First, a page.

Police Set for Record Haul in Anti-Card Fraud Operation

A cross-border anti-fraud initiative is set to save European cardholders tens of millions in cybercrime losses, according to experts who took part.

Carding Action 2021 was led by Italian police with support from the UK, leading card schemes and Europol.

It targeted the underground sites on which fraudsters and cyber-criminals trade stole card data.

According to Europol, the three-month operation has already led to the identification of 12 vendors selling card details on such sites, and total losses prevented of €14m ($16m).

However, only 50,000 stolen cards have so far been analyzed. According to participating cybersecurity vendor Group-IB, that represents only a quarter of the total. It said that the figure for losses prevented is worked out by multiplying average card spend by the number of compromised cards found.

That means the operation is set to clear the €40m (£45m) saved from last year’s Carding Action initiative.

Group-IB said its threat intelligence team was tasked with finding and analyzing newly compromised payment records from sources such as botnet and JS-sniffer infrastructure, as well as underground card shops and marketplaces regularly monitored by the vendor.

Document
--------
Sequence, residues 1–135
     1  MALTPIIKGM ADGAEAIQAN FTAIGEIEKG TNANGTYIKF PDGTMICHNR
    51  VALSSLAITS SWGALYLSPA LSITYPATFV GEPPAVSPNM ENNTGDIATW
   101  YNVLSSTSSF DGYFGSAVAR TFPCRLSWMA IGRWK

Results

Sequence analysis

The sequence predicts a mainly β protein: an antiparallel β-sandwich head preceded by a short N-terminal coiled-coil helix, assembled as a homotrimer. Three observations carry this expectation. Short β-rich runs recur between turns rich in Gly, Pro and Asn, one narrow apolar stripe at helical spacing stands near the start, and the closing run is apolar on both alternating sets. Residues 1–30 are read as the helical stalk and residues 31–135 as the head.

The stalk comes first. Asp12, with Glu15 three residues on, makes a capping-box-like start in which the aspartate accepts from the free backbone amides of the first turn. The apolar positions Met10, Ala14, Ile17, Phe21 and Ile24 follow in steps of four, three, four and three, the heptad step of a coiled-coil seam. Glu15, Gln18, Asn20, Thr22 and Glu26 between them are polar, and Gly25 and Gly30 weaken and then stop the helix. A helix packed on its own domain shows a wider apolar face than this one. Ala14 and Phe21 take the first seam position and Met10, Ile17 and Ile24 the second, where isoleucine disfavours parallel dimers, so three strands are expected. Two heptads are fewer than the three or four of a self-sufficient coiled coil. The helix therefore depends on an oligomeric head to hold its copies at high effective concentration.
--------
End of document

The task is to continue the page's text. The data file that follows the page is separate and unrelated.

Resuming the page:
“Group-IB continues to hold true to its major principle of zero tolerance for cybercrime,” said Nicholas Palmer, head of global business at Group-IB. “Public-private partnerships and joint initiatives like Carding Action continue to play a key role in our strategy to disrupt cybercrime activities globally.”

The news comes as Europol also announced the results of another successful initiative: “Operation In Our Sites,” which ran from May to November 2021.

The anti-counterfeit operation led to 12 arrests, the takedown of nearly 500,000 websites, and the seizure of €2.6m ($3m) of fake goods.

“The sale of counterfeit goods and pirated materials is becoming an increasingly serious problem for law enforcement authorities for a number of reasons,” warned Europol.

“The internet allows criminals to remain anonymous due to the borderless nature of international e-commerce. It has never been easier to offer counterfeit goods or pirated content online as consumers have access to a greater variety of illicit products but are unaware of the potential risks.”

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